A tale of two girl crushes
and the time I shared air with PWB.
In November 2019, sitting at the airport waiting for the first leg of our flight back to Australia (international travel feels like a life time ago, doesn’t it? I mean — for us plebs, anyway.), I began to panic. Standing near our gate for the YYZ-LAX flight was a woman in Breton stripes, a great leather jacket, and the unmistakeable ‘impossibly chic’ haircut. With barely the wherewithal to whisper, I told my partner, “THAT’S THE WOMAN ON MY LOCKSCREEN.”
Phoebe Waller-Bridge was on my flight. We were going to share circulated cabin air. *swoon* Instead of approaching her calmly like a normal person might, or aggressively and oddly as I have a track record of doing with CBC celebrities, I opted instead to sweat profusely. I told myself, from 28 rows behind her on the plane, that if she was on our next leg, I’d approach her. Because then, you know, I’d have something to say to her. We’d have something in common! I spent a solid 6 hours sweating and planning out conversations with her in my mind, then never saw her again, and was just really damp and smelly for the next 16 hour hop to Melbourne.
Last week, I developed a new, exciting PWB-style girl crush. I finally put two and two together that the actress who plays my favourite character on the Crown (apparently I now empathize with Camilla?) also wrote and was the show runner for season two of Killing Eve (initially PWB’s baby - watchable on Crave), and wrote and directed the movie I’ve been most excited to see for the last few months, Promising Young Woman.
After going down the rabbit hole (someone book this woman some chat show appearances that I can binge on Youtube, pretty please), and adding her headshot to my vision board, I can safely say that if I should ever have the opportunity to bump into this woman, I will likely be as weird as I was with the Baroness Von Sketch women and just as sweaty as I was on the flight to LA, sharing air with her friend Phoebe.
I sometimes wonder if I’d be a bolder or more capable, confident woman if I’d had women like Emerald or PWB to look up to when I was young? Or if I had shows like Fleabag or Killing Eve to watch? Maybe I’d have been slightly more motivated to pursue things I was interested in, rather than the things I was told were reasonable and practical. Maybe I wouldn’t have based life choices on what a ‘good’ girl would/should do if I had seen that smart, snarky, semi-wicked women were so interesting and worthy of celebration. There’s a lot of maybes in there.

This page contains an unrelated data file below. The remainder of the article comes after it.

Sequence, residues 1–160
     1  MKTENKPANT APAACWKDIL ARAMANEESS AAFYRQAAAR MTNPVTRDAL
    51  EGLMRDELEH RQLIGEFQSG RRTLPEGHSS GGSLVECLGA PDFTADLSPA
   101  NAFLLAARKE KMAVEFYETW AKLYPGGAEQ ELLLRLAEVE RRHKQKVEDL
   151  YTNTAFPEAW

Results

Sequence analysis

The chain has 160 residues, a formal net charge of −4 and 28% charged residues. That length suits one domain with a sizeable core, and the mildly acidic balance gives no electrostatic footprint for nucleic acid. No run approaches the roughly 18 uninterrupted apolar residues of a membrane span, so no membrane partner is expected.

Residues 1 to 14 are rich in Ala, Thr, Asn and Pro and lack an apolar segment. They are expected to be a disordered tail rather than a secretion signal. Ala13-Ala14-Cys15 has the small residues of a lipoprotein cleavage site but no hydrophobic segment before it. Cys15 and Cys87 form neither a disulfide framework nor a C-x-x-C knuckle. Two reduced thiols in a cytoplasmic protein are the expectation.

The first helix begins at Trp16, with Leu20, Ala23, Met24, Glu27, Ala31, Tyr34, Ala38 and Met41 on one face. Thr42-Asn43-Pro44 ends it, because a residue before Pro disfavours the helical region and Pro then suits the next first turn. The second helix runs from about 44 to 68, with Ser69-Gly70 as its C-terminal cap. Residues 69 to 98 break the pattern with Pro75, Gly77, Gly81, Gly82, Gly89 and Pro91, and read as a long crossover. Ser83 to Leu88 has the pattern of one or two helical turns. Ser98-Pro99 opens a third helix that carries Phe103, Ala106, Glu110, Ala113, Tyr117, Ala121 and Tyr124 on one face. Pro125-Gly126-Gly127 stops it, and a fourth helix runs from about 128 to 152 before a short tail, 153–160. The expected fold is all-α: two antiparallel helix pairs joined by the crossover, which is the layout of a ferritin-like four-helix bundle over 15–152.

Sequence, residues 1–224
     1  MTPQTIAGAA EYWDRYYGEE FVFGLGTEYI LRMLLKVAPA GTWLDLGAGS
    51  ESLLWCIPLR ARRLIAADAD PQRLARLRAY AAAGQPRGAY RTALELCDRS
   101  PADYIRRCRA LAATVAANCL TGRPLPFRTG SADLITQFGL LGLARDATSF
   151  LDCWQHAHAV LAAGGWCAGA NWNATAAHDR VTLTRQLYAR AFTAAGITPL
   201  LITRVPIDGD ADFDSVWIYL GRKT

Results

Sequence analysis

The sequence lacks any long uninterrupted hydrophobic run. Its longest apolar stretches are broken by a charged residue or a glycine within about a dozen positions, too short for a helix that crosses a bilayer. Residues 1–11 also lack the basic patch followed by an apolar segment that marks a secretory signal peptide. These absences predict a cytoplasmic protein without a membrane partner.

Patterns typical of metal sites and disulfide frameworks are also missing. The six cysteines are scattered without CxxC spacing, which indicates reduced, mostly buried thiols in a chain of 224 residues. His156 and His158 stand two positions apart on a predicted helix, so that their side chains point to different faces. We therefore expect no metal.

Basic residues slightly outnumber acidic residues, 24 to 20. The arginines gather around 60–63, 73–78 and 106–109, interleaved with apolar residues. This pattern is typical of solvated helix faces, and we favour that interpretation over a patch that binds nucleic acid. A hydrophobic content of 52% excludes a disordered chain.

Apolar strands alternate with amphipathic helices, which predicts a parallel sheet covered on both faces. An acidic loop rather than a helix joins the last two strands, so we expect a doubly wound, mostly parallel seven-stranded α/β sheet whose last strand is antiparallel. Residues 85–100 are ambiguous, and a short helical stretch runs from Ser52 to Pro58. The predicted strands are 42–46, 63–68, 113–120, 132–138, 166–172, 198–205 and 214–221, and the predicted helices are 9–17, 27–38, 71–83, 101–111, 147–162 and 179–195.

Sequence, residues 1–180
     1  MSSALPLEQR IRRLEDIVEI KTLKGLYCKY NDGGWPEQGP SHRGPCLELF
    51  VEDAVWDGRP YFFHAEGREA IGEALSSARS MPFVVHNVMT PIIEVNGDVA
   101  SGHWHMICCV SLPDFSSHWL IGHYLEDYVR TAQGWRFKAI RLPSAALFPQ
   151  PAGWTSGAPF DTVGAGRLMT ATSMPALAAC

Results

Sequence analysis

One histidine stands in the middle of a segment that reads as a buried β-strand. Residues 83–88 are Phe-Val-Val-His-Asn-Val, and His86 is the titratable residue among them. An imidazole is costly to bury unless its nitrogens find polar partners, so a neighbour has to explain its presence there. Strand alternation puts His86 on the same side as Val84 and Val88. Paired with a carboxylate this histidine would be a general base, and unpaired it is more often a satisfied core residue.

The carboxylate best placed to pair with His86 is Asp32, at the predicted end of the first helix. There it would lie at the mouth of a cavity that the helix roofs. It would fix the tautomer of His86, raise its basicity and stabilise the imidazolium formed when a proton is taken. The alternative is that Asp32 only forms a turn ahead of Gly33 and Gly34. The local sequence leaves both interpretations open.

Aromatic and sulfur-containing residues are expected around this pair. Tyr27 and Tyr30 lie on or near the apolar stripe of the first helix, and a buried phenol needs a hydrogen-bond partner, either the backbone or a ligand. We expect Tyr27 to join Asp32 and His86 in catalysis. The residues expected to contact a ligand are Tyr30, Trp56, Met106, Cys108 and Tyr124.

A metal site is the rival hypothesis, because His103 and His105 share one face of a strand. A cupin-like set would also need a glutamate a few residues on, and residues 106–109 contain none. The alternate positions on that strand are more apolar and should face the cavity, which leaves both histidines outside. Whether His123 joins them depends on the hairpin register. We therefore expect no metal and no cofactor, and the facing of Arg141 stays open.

All this to say, welcome to my lock screen, Emerald Fennell!
Emerald Fennell’s dark, jaded, funny, furious fables of female revenge. Why are far-right figures always on the news in Canada? The Canadian connection with the US capitol riots. Lovely legends Billie Piper, Lucy Prebble, and Phoebe Waller-Bridge talk about the show I Hate Suzie, which is infuriatingly not available in Canada, yet.
The (incidentally Canadian) good stuff
A Tale for the Time Being is starts with a young Japanese girl’s diary washing up on the shore of Vancouver Island in the wake of the 2011 Fukushima Tsunami. Naoko’s diary conveniently falls into the hands of a novelist named Ruth who lives on Cortes Island, and she takes Ruth on a wild ride in an attempt to document the life of her badass Buddhist nun grandmother before she (the young diary author) offs herself. It’s wild and bonkers and plays with place and temporality in a fun and freaky way.
The author, Ruth Ozeki, is also a badass Zen Buddhist nun who splits her time between Cortes Island and New York. She got her start doing set design for low-budget horror films in the ‘80s and producing Japanese TV shows. Can you tell Ruth is edging into girl crush territory? Anyway, her novel A Tale for the Time Being is wonderful and you should read it. You can get it from Chapters.
Until next time, have a great week. If you have a friend who you think might not hate this, why not forward it to them?